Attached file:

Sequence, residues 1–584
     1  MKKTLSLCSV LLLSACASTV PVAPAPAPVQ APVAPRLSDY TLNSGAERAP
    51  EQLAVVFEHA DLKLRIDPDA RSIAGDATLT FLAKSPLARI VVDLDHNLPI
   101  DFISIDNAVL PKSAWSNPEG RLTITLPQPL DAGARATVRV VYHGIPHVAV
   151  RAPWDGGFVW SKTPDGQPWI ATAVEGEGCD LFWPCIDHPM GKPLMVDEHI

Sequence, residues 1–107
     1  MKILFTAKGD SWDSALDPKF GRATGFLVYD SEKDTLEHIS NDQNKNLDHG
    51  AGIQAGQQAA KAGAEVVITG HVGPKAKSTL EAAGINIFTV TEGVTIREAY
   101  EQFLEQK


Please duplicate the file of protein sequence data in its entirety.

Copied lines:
Sequence, residues 1–584
     1  MKKTLSLCSV LLLSACASTV PVAPAPAPVQ APVAPRLSDY TLNSGAERAP
    51  EQLAVVFEHA DLKLRIDPDA RSIAGDATLT FLAKSPLARI VVDLDHNLPI
   101  DFISIDNAVL PKSAWSNPEG RLTITLPQPL DAGARATVRV VYHGIPHVAV
   151  RAPWDGGFVW SKTPDGQPWI ATAVEGEGCD LFWPCIDHPM GKPLMVDEHI

Sequence, residues 1–107
     1  MKILFTAKGD SWDSALDPKF GRATGFLVYD SEKDTLEHIS NDQNKNLDHG
    51  AGIQAGQQAA KAGAEVVITG HVGPKAKSTL EAAGINIFTV TEGVTIREAY
   101  EQFLEQK